Texas A&M quarterback Johnny Manziel may have received a penalty for unsportsmanlike conduct at Saturday’s game against Rice University, but that’s not stopping the Heisman Trophy winner from accusing others of unlawful conduct in court.

As the Record previously reported, Manziel filed two federal lawsuits against T-shirt makers he claims are infringing on his copyrighted “Johnny Football” nickname and slogan.

In the suit filed by a company registered to Manziel’s family, JMAN2 Enterprises LLC, the defendant Eric Vaughn has filed a counterclaim, arguing that Manziel’s application for protection of “Johnny Football” was initially rejected by the U.S. Patent and Trademark Office.

According to an article in the Dallas Morning News, one of the reasons the USPTO gave for the preliminary rejection was that the trademark was “merely a decorative or ornamental feature of applicant’s clothing.” It says JMAN2 Enterprises has until November to respond to the objection.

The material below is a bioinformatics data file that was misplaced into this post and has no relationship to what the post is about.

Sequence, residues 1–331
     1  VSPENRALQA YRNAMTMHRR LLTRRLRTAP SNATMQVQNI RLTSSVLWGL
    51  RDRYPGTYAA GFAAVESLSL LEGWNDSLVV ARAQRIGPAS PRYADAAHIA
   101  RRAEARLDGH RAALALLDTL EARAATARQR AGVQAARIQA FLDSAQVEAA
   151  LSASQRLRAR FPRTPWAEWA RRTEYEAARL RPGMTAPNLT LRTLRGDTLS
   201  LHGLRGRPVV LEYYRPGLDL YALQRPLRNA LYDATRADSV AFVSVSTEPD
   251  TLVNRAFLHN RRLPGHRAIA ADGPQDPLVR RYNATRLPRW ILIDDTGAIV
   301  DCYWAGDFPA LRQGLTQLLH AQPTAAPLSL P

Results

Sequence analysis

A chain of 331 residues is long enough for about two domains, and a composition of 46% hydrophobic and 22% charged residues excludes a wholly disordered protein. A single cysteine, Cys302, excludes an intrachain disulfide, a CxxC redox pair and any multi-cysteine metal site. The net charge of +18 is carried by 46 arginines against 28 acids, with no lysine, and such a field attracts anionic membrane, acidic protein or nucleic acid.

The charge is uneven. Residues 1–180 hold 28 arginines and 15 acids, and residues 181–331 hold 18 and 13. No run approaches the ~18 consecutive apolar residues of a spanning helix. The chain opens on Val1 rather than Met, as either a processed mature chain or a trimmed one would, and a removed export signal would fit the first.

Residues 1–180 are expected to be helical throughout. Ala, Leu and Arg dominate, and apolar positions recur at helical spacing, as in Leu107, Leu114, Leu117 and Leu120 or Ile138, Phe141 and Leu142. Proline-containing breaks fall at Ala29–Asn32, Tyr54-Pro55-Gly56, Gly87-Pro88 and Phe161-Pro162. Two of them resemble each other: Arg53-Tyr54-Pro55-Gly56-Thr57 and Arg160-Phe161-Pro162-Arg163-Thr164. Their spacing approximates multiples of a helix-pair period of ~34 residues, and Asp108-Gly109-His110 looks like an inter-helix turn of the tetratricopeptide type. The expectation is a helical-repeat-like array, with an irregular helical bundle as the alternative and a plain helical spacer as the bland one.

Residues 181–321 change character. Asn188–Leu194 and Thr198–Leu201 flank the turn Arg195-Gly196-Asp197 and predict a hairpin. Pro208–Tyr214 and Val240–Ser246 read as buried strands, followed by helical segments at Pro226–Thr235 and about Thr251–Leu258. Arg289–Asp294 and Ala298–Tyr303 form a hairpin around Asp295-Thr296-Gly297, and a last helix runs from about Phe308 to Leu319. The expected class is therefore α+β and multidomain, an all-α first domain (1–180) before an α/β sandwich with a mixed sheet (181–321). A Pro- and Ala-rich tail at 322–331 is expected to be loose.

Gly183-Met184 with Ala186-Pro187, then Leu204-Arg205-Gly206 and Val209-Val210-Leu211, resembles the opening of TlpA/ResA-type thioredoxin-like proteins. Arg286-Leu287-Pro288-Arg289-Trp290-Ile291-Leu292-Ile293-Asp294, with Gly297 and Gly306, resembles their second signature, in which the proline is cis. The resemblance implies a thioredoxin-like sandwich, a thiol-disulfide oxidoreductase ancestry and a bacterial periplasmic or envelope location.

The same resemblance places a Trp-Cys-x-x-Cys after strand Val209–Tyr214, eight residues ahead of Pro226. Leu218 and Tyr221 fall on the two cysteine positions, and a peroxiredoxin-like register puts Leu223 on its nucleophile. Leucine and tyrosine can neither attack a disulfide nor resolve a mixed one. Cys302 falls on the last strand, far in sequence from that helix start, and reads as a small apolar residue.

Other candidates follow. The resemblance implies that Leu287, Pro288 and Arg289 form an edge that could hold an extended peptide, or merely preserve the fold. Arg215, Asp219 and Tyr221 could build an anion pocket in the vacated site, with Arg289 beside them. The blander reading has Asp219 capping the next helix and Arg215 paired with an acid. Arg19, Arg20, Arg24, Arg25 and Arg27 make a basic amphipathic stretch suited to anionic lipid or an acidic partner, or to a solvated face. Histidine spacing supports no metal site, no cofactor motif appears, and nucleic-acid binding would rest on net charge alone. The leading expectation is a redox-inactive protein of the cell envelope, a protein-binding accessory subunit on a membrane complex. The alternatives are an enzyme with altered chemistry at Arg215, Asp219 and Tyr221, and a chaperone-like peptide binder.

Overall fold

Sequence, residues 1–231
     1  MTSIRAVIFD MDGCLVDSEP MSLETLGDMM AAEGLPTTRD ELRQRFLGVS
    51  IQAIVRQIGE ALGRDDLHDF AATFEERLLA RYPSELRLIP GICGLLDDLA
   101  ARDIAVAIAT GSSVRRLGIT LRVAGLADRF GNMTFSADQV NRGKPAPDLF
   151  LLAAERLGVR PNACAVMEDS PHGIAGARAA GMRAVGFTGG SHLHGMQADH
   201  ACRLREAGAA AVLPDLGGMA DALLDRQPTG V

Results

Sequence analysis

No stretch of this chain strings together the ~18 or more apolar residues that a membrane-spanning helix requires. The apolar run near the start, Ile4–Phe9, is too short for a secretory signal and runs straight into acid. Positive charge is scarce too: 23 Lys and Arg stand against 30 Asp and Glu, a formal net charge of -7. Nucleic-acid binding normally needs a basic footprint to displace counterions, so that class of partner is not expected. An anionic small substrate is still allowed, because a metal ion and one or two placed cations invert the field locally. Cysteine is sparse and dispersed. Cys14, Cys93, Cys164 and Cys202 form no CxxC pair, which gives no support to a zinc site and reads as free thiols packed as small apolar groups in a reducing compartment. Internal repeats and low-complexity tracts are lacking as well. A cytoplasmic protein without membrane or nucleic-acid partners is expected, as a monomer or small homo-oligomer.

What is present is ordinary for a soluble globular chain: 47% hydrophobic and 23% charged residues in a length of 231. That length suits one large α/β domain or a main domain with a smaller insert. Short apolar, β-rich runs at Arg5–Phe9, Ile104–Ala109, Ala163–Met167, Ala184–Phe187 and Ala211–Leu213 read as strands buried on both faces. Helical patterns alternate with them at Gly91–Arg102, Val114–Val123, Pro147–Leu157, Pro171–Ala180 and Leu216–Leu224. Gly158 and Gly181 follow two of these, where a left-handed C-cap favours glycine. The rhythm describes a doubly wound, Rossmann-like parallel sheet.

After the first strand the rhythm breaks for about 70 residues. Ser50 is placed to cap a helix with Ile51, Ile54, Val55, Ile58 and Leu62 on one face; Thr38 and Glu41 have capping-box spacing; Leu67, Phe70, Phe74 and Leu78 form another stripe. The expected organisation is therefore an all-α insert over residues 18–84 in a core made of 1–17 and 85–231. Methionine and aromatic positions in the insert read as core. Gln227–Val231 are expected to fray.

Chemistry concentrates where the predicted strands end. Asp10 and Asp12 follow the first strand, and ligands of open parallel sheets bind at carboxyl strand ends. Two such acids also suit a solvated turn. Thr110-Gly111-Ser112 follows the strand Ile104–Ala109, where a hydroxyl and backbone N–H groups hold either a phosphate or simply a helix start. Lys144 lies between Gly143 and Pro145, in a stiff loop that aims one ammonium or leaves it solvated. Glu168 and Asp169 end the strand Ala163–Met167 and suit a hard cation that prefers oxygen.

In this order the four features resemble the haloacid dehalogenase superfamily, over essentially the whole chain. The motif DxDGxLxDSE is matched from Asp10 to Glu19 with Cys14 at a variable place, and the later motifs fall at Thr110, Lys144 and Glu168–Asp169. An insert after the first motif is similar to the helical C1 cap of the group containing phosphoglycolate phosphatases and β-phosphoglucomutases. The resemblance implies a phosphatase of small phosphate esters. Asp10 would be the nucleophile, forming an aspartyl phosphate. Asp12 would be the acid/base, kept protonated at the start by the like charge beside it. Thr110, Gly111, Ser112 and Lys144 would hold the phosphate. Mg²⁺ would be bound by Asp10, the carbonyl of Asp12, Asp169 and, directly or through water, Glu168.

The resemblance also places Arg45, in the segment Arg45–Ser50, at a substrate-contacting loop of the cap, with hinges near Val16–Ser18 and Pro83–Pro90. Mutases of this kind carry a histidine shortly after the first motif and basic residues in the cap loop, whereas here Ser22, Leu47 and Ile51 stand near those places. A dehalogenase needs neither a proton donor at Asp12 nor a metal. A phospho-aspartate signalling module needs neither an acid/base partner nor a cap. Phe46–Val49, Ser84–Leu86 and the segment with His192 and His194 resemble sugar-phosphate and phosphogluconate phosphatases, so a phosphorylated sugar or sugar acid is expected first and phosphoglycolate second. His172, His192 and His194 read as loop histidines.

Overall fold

Vaughn’s attorney, Joe Bahqat, said that even if the Manziel family were to win this lawsuit, the lack of valid trademark would mean he would only be entitled to actual damages, according to the Dallas article.

The quarterback, who won the Heisman his freshman year, was in hot water himself pre-season for allegedly making money by selling his autographs. College football prohibits student athletes from profiting from their fame.

He was ordered to sit out the first half of the A&M season opener against Rice.

During the game, Manziel could be seen getting in the face of Rice players and pointing at the scoreboard and gesturing as if he was signing an autograph. He finally received an unsportsmanlike conduct penalty in the fourth quarter.

To win the lawsuit against Vaughn, JMAN2 could argue that Manziel has a common law trademark right. To prove common law trademark, it has to be asserted by “bona fide use in commerce,” meaning the trademark must appear on the goods in question, the container for the goods, or displays associated with the goods, and the goods must be sold or transported in commerce.

Ironically, as Bahqat pointed out, by proving the he made money on goods bearing the trademark, Manziel would then become ineligible to play college football.

Texas A&M defeated Rice 52-31.

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